In David Copperfield, Dickens has David narrate the story of his childhood from the perspective of an adult. David remembers things in ways that Dickens’ characters often do: as eerie hauntings of cruelty from adults, but also as reflections of gratitude for moments of kind intervention. The symbolism of the bath he is given on his arrival at his aunt’s home looms large: he is being cared for, after navigating London streets and miles of countryside while alone and hungry. Small moments become large turning points in Dickens: unexpected connections and returns have long-term effects. Dickens also helps us to better see the networks of relationships that bind characters together. Strangers, it turns out, are distant cousins whose fates loop across each other, tilting each other in new directions, just so.

What our nation is doing by separating families who are fleeing violence and hardship will haunt us in the decades ahead. This cruelty will have long-term repercussions. In general, I don’t like to use the term “evil,” because it is so loaded with theological underpinnings and what I have always thought of as a very specific, premeditated intent to cause harm. I’ve long reasoned that intent can be different from effect: the effects of a policy can be unexpected and unintended. But I am comfortable using the term, evil, when it comes to the policy of family separation. The intent is to harm and the harm is foreseen. It is as intentional as deciding to not rescue the boys in Thailand to make a point about the dangers of cave exploration, as intentional as letting the waters rise and doing nothing to try to help them. It is cruelty, and this present moment will rest inside our future as a nation, as surely as our past resides in our present.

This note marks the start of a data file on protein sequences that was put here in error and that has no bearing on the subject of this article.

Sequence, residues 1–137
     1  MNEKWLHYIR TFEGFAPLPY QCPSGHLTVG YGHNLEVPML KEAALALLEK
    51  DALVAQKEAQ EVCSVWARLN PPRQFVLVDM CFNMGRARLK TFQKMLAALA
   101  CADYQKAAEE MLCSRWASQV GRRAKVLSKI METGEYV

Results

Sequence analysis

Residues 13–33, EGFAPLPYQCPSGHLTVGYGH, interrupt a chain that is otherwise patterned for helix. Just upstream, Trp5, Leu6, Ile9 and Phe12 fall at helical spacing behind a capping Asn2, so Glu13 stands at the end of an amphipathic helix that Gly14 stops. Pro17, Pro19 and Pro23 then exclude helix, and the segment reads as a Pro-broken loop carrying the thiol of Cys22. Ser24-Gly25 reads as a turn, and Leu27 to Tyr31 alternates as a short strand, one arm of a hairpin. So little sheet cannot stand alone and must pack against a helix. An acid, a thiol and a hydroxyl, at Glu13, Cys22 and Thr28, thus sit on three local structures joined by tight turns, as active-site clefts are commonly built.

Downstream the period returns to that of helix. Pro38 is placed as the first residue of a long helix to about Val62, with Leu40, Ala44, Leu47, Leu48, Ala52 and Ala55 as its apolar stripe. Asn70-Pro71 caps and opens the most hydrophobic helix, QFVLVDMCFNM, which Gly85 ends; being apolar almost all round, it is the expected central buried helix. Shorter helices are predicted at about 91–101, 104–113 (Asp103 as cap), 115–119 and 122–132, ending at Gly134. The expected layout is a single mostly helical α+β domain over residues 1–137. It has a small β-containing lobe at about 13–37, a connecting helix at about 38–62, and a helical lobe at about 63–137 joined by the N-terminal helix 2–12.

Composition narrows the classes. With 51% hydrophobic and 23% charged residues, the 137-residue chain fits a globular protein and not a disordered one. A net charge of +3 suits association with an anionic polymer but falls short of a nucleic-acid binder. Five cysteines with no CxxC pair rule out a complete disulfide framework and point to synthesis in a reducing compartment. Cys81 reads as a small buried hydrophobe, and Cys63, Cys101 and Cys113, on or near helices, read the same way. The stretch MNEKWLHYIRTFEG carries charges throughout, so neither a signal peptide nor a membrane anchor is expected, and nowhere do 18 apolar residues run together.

Yesterday (Tuesday, July 10) was the court-ordered deadline for the administration to reunite children with their families. They have not met the deadline. Fewer than half of the families have been reunited. “What You Can Do Right Now to Help Immigrant Families Separated at the Border” provides useful information on steps we can take to help bring about additional reunifications. For those who want to better understand the timeline of policy changes, PBS provides a helpful overview here.

To return to the point that nothing, and certainly not some enlightenment-based form of “progress,” is predestined: while that’s initially unsettling to come to terms with, the other side of it still gives me hope. Evil and cruelty are not predestined either. Here too, things can and do change when enough people push things in another direction. “Expose and document, and demand and create solutions” is not pure naiveté, as I worried that day in the coffee shop some years ago. These are acts of regular, repetitive, unceasing labor, and they are also acts of love. And perhaps in this moment, to offer our action and our love– repeatedly and defiantly and ceaselessly–is the most important thing we can do right now.